I have a mare that is allergic to anything you care to name and a few things you may not think of straight away. In the beginning, I used to think she was an exceptional case, a freak if you will. Experience has taught me since then that allergies are as common to horses as colds are to human beings. I have no idea whether all horse allergies have existed from time immemorial, or whether horses are developing new allergies all the time, like human beings discover new diseases all the time. I had never heard of AIDS till I was in my twenties, and swine flu and bird flu seemed to come into existence when I was in my forties. I was aware of just human flu until then.
I have not been able to confirm if Trigger, Roy Rogers’ horse, had any allergies. Nor do I have any definitive knowledge about any allergies suffered by Dale Evans’ Buttermilk and Man O’ War. The books are silent on allergies that may have plagued Seabiscuit and Exterminator. How did people treat their horses for allergies in the days before vaccinations were invented?
Horses allergic to vaccinations show varying symptoms. In some, the area around the injection site will swell. Other horses break out in hives. Some horses develop tender rocky lumps that seem to go on and on for weeks. I have known a lot of horses to go off food.
My mare belongs to the “been there, seen it all, suffered it all” classification.
It is advisable for owners of allergy-prone horses to get the veterinarian to inject their horses with an antihistamine just after the vaccination. I have also ascertained that the location of the vaccination injection plays a huge rule in the effectiveness of the vaccination and in any allergic reaction it may bring about.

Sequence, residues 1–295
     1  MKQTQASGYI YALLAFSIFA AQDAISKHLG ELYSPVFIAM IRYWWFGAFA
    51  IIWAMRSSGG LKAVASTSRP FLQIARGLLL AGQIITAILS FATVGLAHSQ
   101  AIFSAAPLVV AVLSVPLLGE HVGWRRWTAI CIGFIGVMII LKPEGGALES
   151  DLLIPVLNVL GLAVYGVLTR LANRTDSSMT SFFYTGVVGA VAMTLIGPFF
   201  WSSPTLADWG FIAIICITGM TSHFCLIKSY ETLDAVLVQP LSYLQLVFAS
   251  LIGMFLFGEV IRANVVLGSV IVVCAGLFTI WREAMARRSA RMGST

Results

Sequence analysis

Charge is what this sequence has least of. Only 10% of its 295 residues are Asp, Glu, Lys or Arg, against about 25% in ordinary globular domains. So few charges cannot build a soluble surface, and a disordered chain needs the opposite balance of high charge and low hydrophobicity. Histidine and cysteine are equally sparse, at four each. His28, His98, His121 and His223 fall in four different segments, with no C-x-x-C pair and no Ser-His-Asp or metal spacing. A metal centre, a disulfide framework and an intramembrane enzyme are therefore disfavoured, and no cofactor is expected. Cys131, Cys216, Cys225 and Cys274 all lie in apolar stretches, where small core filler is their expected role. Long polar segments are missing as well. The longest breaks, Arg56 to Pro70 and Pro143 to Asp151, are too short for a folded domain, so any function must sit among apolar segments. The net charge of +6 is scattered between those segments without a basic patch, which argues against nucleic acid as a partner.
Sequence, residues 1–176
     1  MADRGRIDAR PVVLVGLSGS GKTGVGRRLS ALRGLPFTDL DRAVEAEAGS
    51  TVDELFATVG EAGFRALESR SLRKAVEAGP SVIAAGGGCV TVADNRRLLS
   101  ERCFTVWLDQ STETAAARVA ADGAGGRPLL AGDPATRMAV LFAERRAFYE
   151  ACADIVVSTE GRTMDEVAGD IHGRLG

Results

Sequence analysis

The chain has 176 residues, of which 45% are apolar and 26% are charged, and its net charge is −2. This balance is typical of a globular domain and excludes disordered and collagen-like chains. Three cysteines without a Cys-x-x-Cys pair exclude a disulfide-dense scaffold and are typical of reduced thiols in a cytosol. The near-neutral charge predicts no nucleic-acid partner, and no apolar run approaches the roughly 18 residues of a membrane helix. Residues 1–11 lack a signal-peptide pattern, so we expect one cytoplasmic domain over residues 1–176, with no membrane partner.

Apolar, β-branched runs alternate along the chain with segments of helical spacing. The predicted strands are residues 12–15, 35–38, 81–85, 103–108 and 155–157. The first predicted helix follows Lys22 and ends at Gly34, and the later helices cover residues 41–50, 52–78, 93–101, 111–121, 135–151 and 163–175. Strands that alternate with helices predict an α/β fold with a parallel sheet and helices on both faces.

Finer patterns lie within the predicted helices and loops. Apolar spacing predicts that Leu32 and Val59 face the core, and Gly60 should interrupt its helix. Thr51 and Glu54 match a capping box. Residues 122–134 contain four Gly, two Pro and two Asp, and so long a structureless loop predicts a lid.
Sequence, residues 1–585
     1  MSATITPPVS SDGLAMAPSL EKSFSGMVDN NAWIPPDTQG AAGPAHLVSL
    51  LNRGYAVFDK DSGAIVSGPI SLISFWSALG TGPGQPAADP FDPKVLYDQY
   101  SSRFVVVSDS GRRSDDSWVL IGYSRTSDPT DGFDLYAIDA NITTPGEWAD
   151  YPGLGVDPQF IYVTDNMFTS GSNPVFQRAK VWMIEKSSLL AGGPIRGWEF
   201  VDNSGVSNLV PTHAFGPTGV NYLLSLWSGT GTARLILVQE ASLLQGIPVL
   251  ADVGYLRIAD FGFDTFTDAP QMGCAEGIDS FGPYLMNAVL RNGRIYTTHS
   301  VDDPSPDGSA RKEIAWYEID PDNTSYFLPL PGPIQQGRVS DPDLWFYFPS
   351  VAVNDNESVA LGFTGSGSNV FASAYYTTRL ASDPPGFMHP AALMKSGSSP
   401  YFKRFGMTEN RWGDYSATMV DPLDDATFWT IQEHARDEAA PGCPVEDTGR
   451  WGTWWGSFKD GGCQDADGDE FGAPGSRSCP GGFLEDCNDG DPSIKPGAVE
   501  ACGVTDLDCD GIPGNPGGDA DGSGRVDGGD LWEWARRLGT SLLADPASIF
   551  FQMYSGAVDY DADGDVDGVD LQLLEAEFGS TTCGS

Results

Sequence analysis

With my super-allergic mare, injecting vaccine on both sides of the neck, with an antihistamine injection thrown in on one side of the neck, did not seem to work. Her neck swelled alarmingly, and became very tender. She couldn’t lower her head or graze. At such times I had to feed her with a feed net.
But I believe in prevention, not cure. After trying vaccinations in the hindquarters and antihistamine in the neck and failing to keep down the allergic reaction once again, I got my vet to try shots in the hindquarters followed by antihistamine in the same part. That finally helped, surprising me, my veterinarian and most of all, my mare. You could see she was missing something.
My experiences with my mare have taught me that the best way to administer vaccinations to the horse with pronounced allergy is to give shots in both hind quarter areas and follow up with split antihistamine shots very near to the sites of vaccination injections. At the worst, this will keep your horse able to bend its head, graze and eat feed, though your horse may have to bear some soreness. I have received positive feedback about this method from practically all of my horse owner friends to whom I made this proposal.
Be very alert, though, if your horse develops respiratory problems in the aftermath of vaccination with or without antihistamine. Your veterinarian may have more work to do.